a pistol
                                                                 twenty dollars

                                                                 a chance for freedom.

                                                                 "I can give you the tools," I say,
                                                                 "to guide and protect you.
                                                                  I can show you the path,
                                                                  but in the end,
                                                                  it's you that must choose it
                                                                  and walk it.
                                                                  You alone that must risk it."

                                                                  I watch them weigh it.
                                                                  Each man wondering if he's willing
                                                                  to wager his life
                                                                  on the words of a white man
                                                                  in the woods at midnight.

I highly recommend this one!

The Gospel Truth, by Caroline Pignat. Red Deer Press, 2014.
327 p.
Ages 12+



Wednesday, January 7, 2015

Let the New Year Begin - #MustReadin2015

So, last year I joined Carrie from There's a Book for That and others in compiling a list of books that I chose from my TBR pile to read in 2014. No biggie.

Or so I thought.

Even though I thought I was being very realistic - I only chose 10 titles for this particular challenge, I regret to say that I just didn't make it. 6/10 titles completed. Despite my good intentions, my reading was led astray.

I did; however, discover a few things. And this is a good thing. As 2014 wound down and I was trying to get through one of my adult fiction choices, I decided that perhaps I am trying to spread myself too thin. I have always had a very wide range of reading interests, but maybe I just don't have enough time to satisfy all my curiosities.  I love children's literature (as an elementary school librarian I would hope that that would be the case), and the many amazing children's books that have been published in recent years have fanned the flames of this love affair. I will always enjoy a good adult historical fiction or mystery book, and I get plenty of adult reading in with my book club. I can't get over the feeling though, that this reading is taking me away from kidlit and YAlit. And this is where I need to be now.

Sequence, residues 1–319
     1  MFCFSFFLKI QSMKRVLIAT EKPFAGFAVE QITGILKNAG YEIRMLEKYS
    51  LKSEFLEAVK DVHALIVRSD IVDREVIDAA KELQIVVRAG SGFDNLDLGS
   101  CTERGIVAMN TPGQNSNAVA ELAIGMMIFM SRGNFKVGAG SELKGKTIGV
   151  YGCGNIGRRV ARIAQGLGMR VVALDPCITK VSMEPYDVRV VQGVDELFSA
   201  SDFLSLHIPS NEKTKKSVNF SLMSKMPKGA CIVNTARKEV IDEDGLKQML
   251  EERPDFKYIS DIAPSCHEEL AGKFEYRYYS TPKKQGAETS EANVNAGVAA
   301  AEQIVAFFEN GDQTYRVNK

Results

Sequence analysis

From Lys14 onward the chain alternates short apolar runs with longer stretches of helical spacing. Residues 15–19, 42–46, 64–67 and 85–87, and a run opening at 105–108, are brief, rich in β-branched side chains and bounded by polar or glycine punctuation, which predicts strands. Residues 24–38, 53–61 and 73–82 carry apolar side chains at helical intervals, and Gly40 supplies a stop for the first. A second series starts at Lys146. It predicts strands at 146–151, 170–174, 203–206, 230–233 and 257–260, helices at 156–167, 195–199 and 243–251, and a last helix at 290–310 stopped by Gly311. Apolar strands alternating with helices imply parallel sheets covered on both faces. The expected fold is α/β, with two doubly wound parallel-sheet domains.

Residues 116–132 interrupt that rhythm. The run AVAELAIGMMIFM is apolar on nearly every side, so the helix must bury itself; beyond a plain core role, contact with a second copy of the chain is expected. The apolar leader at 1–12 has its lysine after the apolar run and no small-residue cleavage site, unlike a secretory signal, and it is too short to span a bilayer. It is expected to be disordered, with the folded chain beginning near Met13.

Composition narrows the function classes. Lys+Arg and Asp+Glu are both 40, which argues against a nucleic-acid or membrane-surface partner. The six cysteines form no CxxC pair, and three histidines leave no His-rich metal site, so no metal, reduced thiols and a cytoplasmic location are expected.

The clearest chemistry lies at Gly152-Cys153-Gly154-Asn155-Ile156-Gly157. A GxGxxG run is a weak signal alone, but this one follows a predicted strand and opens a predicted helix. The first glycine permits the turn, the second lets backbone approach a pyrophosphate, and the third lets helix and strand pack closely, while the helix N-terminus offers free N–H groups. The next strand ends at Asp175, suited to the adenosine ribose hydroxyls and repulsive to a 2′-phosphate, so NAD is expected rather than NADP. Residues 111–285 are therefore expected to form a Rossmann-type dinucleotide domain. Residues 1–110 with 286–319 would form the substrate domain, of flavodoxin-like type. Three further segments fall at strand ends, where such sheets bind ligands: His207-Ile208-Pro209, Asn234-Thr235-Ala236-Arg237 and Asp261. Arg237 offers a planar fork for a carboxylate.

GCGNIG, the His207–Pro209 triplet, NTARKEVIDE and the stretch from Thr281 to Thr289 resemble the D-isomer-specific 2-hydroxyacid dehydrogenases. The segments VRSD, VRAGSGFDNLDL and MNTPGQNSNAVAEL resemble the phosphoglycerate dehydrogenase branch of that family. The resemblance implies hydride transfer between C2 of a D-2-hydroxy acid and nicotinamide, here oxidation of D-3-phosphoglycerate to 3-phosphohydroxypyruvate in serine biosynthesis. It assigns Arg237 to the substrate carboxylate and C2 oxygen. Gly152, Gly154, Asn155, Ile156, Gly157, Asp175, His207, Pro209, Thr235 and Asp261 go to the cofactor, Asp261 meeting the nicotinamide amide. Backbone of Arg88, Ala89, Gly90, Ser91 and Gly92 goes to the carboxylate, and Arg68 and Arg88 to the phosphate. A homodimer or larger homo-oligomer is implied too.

With that said, I turn to #MustReadin2015. A new year. A new list. A bigger mix of genres.

15 Must Reads for 2015. This year. For sure.


Picture Books

Baseball is ..... by Louise Borden. Illustrated by Raul Colon. I'm a sucker for a day at the ballpark. Looking forward to this one.

Grandfather Gandhi by Arun Gandhi and Bethany Hegedus. Illustrated by Evan Turk. I hope this is the inspirational biography I think it will be.

Hope Springs by Eric Walters. Illustrated by Eugenie Fernandes. EricWalters is visiting our school this spring - I want to make sure I'm ready. I've always loved the illustrations of Ms. Fernandes.

Mama built a little nest by Jennifer Ward. Illustrated by Steve Jenkins. I've been hearing about this one a lot this year. And a recent Nerdy Book Club Award winner.

The Scraps book written and illustrated by Lois Ehlert. More non-fiction picture book love.

Shh! We have a plan written and illustrated by Chris Haughton.  Am I the only one who hasn't read this one yet? That's why it's a must-read.

Two written and illustrated by Kathryn Otoshi. I adore Zero and One. Can't wait for the next installment in a series that gets read all the time.

Middle Grade Fiction

Stella by starlight by Sharon M. Draper. I have been known to gush about Out of my mind to anyone who will listen. Looking forward to more from this author.

Middle Grade Memoir Poetry

Brown girl dreaming by Jacqueline Woodson. This has been on my TBR list since its publication date and is not getting pushed off.

YA Fiction

If I stay by Gayle Forman. A huge YA hit series, and highly recommended by some of my students.

The Rule of thre3 by Eric Walters. As I said, Eric will be coming for an author visit. And it's an OLA Forest of Reading Red Maple nominee this year.

The Summer of Letting Go by Gae Polisner. I had this one on my summer reading last year. When I didn't get to it, I decided to wait until Summer 2015. It'll be my first read of the summer.

The Unlikely Hero of Room 13B by Teresa Toten. I'm not sure when Ms. Toten's novel first appeared on my radar, but the introduction it received at the TD Book Awards put it on my Must Read list.

Adult Fiction

Big little lies by Lianne Moriarty. I recently read Ms. Moriarty's The Husband's secret as a Book Club choice. I loved it. An Australian Maeve Binchy, in my opinion. One of my Club friends recommended Big little lies as an even better choice.

Ordinary Grace by William Kent Drueger. I have no idea where I heard about this novel. It could be that it has turned up on some YA lists. It has me intrigued.


There you have it. Three updates are planned for this year: April 2, September 2, and December 31. Can I beat 60%? What do you think?